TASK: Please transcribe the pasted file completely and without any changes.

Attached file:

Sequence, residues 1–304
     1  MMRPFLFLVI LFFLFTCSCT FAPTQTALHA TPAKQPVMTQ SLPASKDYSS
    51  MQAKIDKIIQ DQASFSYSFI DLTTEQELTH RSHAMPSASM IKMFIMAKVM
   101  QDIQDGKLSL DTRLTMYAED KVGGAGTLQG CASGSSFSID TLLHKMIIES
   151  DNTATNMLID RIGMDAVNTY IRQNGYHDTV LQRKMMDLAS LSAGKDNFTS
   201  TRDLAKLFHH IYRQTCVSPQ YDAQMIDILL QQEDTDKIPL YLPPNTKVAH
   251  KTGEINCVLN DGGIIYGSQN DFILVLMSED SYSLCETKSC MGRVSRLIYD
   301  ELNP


Sequence, residues 1–304
     1  MMRPFLFLVI LFFLFTCSCT FAPTQTALHA TPAKQPVMTQ SLPASKDYSS
    51  MQAKIDKIIQ DQASFSYSFI DLTTEQELTH RSHAMPSASM IKMFIMAKVM
   101  QDIQDGKLSL DTRLTMYAED KVGGAGTLQG CASGSSFSID TLLHKMIIES
   151  DNTATNMLID RIGMDAVNTY IRQNGYHDTV LQRKMMDLAS LSAGKDNFTS
   201  TRDLAKLFHH IYRQTCVSPQ YDAQMIDILL QQEDTDKIPL YLPPNTKVAH
   251  KTGEINCVLN DGGIIYGSQN DFILVLMSED SYSLCETKSC MGRVSRLIYD
   301  ELNP